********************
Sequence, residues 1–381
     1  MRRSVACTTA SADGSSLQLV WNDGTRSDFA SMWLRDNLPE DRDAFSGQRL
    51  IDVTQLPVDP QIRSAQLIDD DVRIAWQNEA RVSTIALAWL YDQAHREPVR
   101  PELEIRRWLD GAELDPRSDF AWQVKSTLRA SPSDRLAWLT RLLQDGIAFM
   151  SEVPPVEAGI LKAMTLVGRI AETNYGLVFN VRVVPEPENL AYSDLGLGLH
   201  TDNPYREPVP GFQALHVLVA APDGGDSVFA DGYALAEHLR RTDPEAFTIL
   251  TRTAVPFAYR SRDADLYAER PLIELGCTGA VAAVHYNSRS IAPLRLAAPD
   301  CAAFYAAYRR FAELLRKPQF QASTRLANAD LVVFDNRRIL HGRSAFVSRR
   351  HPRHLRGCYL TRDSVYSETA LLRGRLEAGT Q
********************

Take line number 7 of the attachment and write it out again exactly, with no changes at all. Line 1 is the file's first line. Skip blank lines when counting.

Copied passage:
   251  TRTAVPFAYR SRDADLYAER PLIELGCTGA VAAVHYNSRS IAPLRLAAPD